There was nothing wrong with Jeannine Edwards' question.
The query the ESPN sidelines reporter posed to UK Coach Billy Gillispie at halftime of what turned out to be Kentucky's surprising 85-80 loss to Mississippi in Oxford on Tuesday was all-together legitimate.
Jodie Meeks entered the week as the nation's third leading scorer, averaging 26.1 points per game. He scored a school-record 54 points in an ESPN game just two Tuesdays before. On this night, however, he had been held without a first-half field goal. And Ole Miss, a team with a 1-4 conference record, trailed No. 24 Kentucky by just two points.
Understandably, Edwards asked Gillispie, "Coach, so far Ole Miss has been doing a pretty good job keeping Jodie Meeks covered up, he's only got six points. What adjustments do you need to make for him in the second half?"
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Gillispie didn't like the question. You could tell it before he answered. He looked away. He all but rolled his eyes. He did supply an answer, maybe even a good one. He said UK wasn't a one-man team. He said the Cats were ahead, so what difference did it make.
Then, grinning, he said to Edwards, "And that's really a bad question."
No it's not.
Right now, it's the question about this Kentucky basketball team.
Tuesday night proved that while Kentucky might not be a one-man team, it is certainly a much better team when its best scorer is putting the ball in the basket.
At North Carolina, Meeks was a mere 5-for-20 from the floor. And the Cats were never really in the game at Chapel Hill, losing to the top-ranked Tar Heels 77-58.
Nearly three weeks later, at home against Miami, Meeks missed 13 of his 17 shots on his way to a season-low 10 points. The Cats fell behind early and lost 73-67 to the visiting Hurricanes.
Tuesday at the Tad Pad, Meeks was 4-for-15 from the floor against Ole Miss. Two of those four made field goals came in the final 14 seconds when the junior buried a pair of threes long after the outcome had been decided. His 21 points were a quiet 21. And the Cats suffered their first conference loss.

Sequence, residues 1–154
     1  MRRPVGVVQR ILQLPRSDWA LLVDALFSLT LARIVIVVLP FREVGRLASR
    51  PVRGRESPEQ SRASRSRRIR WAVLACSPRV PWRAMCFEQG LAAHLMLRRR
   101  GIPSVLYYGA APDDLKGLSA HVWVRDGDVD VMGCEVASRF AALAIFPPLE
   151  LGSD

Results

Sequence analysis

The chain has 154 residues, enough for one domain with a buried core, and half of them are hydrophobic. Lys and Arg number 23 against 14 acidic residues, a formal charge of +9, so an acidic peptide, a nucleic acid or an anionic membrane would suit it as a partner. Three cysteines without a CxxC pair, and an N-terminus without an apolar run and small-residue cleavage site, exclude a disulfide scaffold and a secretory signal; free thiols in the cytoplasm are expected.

In Kentucky's 16 victories, Meeks is shooting 52.9 percent. In Kentucky's five defeats, he's shooting 34.6.
Give Ole Miss credit. The Rebels did probably the best job a team has done this year defending UK's point-machine. They went on the attack. They denied Meeks off the ball and pressured him on the ball, helping off only on Patrick Patterson. Ole Miss Coach Andy Kennedy all but shouted, let the other Cats beat us. They couldn't.
Freshman DeAndre Liggins took one more shot than Meeks — and made one less.
I'm sure Gillispie would say the game was actually lost on the defensive end. And he wouldn't be wrong. Ole Miss made 10 three-pointers, many of them wide, wide open. The Rebels snatched key offensive rebounds. They appeared to have much more energy than did a Kentucky team playing its fourth game in 10 days.
And no coach likes those halftime interviews. Gillispie all but ran over poor Edwards in Knoxville before he surrendered and granted the scheduled quick Q&A.
Tuesday, Gillispie gave Edwards that disingenuous grin and a professional critique.
If she could, she'd probably give him some advice of her own.
Get used to it, Billy. Chances are, you're going to get that question again.
Reach John Clay at (859) 231-3226 or (800) 950-6397, ext. 3226, or firstname.lastname@example.org. Read his blog at Kentucky.com.